Together in Spirit

An online reading group ('TIS a reading group!) to bring together friends, and friends of friends, who aren't able to be in a conventional reading group due to constraints of time or geography.

Wednesday, August 17, 2005

Yes but no but

Kirsty - YES - great point about murder mysteries or transfer to film/book generally: the plot-dependent versus character-driven is a really useful distinction. Will try to remember that when I'm next agonising about whether to give re-tread a go. And I hadn't realised it until now, but you're absolutely right about the poignancy of All Quiet on the Western Front, and the soldiers' lack of hope for the war ending. No wonder I found the ending merciful (in the teeth of some opposition, if I remember rightly). Am intrigued - you must tell me which bit of I don't know how she does it made you cry. (For anyone who doesn't know, my sister-in-law likes her books pretty bleak.)

But NO - I can't let you describe I don't know how she does it as chick-lit. OK, it's packaged like that and the style is akin, but I think it's a different league. I think it was Helen Fielding (of Bridget Jones fame - well-practised at being underestimated) who advised Allison Pearson that the way to write a huge bestseller and not be hated by everyone was to pretend that it just kind of wrote itself and really wasn't difficult and it's such a surprise it sold so well. Yeah, right. That's why we're all turning out books like I don't know, which make Kirsty cry, and men like John read it despite the lurid pink cover, and me press it on everyone I can. It summarises why I don't work full time for cash while also bringing up my children, for instance.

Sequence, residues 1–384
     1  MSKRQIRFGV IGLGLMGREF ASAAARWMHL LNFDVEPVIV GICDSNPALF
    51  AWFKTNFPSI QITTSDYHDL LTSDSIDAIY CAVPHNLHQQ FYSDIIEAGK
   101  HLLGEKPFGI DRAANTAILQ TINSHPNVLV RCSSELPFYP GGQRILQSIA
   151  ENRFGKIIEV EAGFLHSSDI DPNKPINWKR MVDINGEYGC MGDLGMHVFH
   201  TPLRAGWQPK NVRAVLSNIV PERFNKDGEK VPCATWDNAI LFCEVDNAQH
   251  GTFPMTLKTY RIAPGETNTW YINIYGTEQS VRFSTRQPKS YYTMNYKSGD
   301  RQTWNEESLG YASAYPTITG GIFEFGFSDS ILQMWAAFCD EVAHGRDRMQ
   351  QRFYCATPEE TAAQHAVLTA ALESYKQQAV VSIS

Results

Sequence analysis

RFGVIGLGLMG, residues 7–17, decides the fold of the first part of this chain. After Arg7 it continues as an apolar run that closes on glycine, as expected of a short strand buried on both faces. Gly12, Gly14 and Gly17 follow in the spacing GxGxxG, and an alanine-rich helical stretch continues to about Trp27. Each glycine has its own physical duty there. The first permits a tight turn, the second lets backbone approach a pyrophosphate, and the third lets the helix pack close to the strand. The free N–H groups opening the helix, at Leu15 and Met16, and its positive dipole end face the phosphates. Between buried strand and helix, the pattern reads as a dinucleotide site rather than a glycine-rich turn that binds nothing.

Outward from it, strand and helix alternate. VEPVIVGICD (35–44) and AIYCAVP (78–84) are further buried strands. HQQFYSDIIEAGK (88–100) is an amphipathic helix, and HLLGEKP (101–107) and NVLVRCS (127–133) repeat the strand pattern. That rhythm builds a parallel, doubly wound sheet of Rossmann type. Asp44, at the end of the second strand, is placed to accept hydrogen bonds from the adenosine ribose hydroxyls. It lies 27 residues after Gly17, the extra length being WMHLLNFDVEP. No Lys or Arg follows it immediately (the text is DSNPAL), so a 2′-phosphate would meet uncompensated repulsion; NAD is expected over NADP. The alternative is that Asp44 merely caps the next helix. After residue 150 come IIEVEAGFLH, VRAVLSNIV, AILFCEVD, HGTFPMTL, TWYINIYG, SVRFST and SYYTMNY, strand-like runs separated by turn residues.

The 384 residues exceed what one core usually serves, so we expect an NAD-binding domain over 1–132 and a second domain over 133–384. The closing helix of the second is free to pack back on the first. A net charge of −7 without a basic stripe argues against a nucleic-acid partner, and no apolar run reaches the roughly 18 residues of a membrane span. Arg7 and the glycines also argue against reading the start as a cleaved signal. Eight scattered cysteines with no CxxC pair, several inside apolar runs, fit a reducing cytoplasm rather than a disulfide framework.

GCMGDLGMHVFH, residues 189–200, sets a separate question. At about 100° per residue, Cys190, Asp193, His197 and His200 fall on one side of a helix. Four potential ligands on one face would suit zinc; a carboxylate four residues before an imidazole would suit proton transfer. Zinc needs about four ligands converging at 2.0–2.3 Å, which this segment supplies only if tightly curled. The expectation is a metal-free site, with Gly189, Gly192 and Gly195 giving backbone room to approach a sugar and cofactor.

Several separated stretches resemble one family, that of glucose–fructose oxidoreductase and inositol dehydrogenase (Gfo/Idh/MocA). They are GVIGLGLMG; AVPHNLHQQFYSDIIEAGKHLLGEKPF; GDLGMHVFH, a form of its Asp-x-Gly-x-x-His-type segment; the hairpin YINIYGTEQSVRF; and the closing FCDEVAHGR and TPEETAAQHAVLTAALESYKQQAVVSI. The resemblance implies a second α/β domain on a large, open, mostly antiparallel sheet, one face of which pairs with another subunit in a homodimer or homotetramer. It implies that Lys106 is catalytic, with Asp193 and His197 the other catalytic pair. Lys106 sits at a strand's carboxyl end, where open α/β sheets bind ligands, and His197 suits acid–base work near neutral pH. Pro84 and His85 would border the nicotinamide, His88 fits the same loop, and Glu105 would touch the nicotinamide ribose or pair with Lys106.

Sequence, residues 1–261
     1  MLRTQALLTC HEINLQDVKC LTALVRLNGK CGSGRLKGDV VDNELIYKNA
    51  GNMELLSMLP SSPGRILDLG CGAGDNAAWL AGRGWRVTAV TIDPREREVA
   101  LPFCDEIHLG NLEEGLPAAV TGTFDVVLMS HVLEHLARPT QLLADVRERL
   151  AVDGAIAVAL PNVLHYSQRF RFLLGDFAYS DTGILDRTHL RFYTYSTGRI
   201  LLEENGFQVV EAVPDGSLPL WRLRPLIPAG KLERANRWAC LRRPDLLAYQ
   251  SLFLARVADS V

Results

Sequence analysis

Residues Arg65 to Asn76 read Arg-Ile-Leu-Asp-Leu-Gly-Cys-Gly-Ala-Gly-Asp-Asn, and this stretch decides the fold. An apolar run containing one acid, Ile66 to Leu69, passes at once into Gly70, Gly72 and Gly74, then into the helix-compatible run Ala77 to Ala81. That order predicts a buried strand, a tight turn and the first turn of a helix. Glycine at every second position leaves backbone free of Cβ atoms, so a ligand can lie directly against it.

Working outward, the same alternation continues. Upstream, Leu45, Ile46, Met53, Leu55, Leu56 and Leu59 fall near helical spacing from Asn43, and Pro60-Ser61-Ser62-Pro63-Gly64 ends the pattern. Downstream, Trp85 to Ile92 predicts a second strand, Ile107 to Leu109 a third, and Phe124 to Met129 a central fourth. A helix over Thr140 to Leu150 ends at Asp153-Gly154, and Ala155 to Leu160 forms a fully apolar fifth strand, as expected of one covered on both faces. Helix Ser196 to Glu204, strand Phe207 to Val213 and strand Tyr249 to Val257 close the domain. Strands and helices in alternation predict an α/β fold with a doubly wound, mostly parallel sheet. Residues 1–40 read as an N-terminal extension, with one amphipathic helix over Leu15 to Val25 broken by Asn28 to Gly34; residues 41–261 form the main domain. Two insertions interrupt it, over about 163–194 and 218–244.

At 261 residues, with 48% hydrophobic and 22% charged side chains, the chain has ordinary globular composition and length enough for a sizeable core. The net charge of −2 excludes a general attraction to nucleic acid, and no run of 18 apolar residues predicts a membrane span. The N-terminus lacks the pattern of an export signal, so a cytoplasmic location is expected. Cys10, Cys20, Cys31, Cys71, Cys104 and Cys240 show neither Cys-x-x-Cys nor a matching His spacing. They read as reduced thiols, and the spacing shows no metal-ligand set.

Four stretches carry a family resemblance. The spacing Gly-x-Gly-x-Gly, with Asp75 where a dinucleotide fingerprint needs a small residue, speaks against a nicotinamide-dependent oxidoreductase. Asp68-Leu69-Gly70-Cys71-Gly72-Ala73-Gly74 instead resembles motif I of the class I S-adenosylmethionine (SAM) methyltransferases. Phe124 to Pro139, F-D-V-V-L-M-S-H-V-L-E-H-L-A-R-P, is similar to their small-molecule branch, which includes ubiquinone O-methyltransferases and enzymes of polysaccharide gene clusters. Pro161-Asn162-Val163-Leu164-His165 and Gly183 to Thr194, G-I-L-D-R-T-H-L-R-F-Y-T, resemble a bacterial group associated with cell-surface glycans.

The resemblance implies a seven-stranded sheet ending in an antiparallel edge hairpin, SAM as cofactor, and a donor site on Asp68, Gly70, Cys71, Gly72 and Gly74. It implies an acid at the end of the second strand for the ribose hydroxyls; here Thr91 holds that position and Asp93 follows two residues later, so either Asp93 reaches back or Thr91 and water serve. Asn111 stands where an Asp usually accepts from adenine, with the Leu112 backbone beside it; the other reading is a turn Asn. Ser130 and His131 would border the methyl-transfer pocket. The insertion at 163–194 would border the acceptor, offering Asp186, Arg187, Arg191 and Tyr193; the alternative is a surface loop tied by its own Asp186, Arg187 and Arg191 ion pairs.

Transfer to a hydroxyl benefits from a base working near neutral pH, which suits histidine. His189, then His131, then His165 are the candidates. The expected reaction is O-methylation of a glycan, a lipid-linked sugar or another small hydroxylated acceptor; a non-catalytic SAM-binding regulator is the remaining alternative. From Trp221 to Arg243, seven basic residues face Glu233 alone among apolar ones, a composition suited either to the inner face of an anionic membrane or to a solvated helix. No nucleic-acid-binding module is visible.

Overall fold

That said, being readable IS rather a danger, isn't it? Makes people think you're lightweight. Have just finished Claire Tomalin's biography: Samuel Pepys - The Unequalled Self. Thanks, Valerie. Interesting and moving, but rather hard work. Especially since he has to give us ALL the details of every servant he gropes in a long and busy ("boisterous") life. Glad to have read it, but also glad to be going back to things that I can read more lightly.